Reasoning to the best inference, or differential analysis generally, is a two-part analysis. First, the expert must establish general causation through "independent evidence that the cause identified is of the type that could have been the cause." Id. at 1237. Second, he must show specific causation by "eliminat[ing] other possible sources as highly improbable[] and . . . demonstrat[ing] that the cause identified is highly probable." Id. at 1238; see also Norris v. Baxter Healthcare Corp., 397 F.3d 878, 881 (10th Cir. 2005) ("General causation is whether a substance is capable of causing a particular injury or condition in the general population and specific causation is whether a substance caused a particular individual's injury."). "Experts must provide objective reasons for eliminating alternative causes when employing a 'differential analysis.'" Bitler, 400 F.3d at 1237; see also Hall v. ConocoPhillips, 248 F. Supp. 3d 1177, 1190 (W.D. Okla. 2017), aff'd sub nom. Hall v. Conoco, Inc., 886 F.3d 1308 (10th Cir. 2018) ("While a court 'can admit a differential diagnosis that it concludes is reliable if general causation has been established,' the expert must adequately consider and rule out alternative explanations." (quoting Goebel v. Denver & Rio Grande W. R.R. Co., 346 F.3d 987, 999 (10th Cir. 2003) ("Goebel II")). But an expert need not "categorically exclude each and every possible alternative cause" to make such differential-based evidence admissible. See Bitler, 400 F.3d at 1238 n. 6 (internal quotation marks and citation omitted); see also Taber v. Allied Waste Sys., Inc., 642 F. App'x 801, 811 (10th Cir. 2016) ("[T]he expert need only exclude those alternative explanations that are 'obvious'—i.e. where there is 'an established connection between certain possible causes and [the injury].'" (alteration in original) (quoting Bitler, 400 F.3d at 1238 n.6)). Rather, "the underlying premise of differential diagnosis is that there is an established connection between certain possible causes and a condition . . . then all of the established causes are ruled out but one." Bitler, 400 F.3d at 1238 n.6 (internal quotation marks and citation omitted); see also Taber, 642 F. App'x at 811 ("So long as the most obvious causes have been considered and ruled out, the existence of possible 'uneliminated' causes goes to 'the accuracy of the conclusions, not the soundness of the methodology,' and therefore goes to the weight rather than admissibility of the evidence." (quoting Ambrosini v. Labarraque, 101 F.3d 129, 140 (D.C. Cir. 1996)).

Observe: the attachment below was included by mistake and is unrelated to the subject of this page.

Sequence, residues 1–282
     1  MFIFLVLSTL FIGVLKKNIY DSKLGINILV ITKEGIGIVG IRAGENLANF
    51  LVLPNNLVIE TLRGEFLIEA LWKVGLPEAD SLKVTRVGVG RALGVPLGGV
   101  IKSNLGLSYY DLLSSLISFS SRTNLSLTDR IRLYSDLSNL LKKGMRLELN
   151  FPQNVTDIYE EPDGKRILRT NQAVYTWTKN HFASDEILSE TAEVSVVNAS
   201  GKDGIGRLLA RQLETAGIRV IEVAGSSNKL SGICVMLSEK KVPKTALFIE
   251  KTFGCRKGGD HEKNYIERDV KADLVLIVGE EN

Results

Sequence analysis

Bitler's facts are instructive. In Bitler plaintiffs suffered injuries from a gas explosion in their basement. See Bitler, 400 F.3d at 1230. Plaintiffs' experts—Elden Boh, a fire investigator, and Donald Sommer, an engineer—concluded that the Bitlers' water heater had exploded due to a gas leak caused by contamination on the heater's safety valve seat. Id. at 1230-31. On appeal, defendants challenged the district court's finding that plaintiffs' experts were admissible under Daubert. Id. at 1231-32, 1234. The Tenth Circuit dispensed with Mr. Boh's testimony quickly: the district court had not abused its discretion in admitting his testimony because Boh "observed the physical evidence at the scene of the accident and deduced the likely cause of the explosion." Id. at 1235. "Boh's personal experience, training, method of observation, and deductive reasoning [were] sufficiently reliable to constitute 'scientifically valid' methodology." Id.

Mr. Sommer's testimony received a more in-depth examination by the appellate court—of note here, as Sommer reached his conclusions through differential analysis. Sommer concluded that "copper sulfide particles passed through and around [a] mesh screen to lodge on the safety valve seat and thereby cause the gas leak." Id. Sommer, "reason[ing] . . . backwards to the cause of [the] explosion," eliminated other potential causes, such as gas leaks in the Bitlers' bedroom and from a connector above the water heater, by assessing factors like the explosion's force and location. See id. at 1237-38. This analysis was also predicated on an uncontroverted fact: "if copper sulfide particles of sufficient size became lodged on the safety valve seat, then a gas leak substantial enough to cause the explosion [at issue] could occur." Id. at 1238. Thus, "admitting expert testimony . . . employ[ing] an expert's physical investigation, professional experience, and technical knowledge to establish causation" was not an abuse of the district court's discretion. Id.

"Sommer testified that he undertook a process of eliminating alternative possible causes, determining that these possibilities were improbable sources of the explosion, and arriving at a highly probable cause for the gas leak, calling it a method of 'differential diagnosis.'" Bitler, 400 F.3d at 1237. The Court characterizes both plaintiffs' experts as using a "reasoning to the best inference" methodology. Id.

"Sommer and Boh both testified to how they eliminated the gas leaks in the bedroom and the T-connector above the water heater as likely sources of the accident; the one was not located close enough to the source of the explosion, and the other was itself most likely the result of trauma caused by the explosion. Sommer testified that the force of the explosion lifted the house off its foundation, and accordingly, was the most probable cause of the leak at the T-connector, especially in light of its damaged physical condition." Id. at 1237.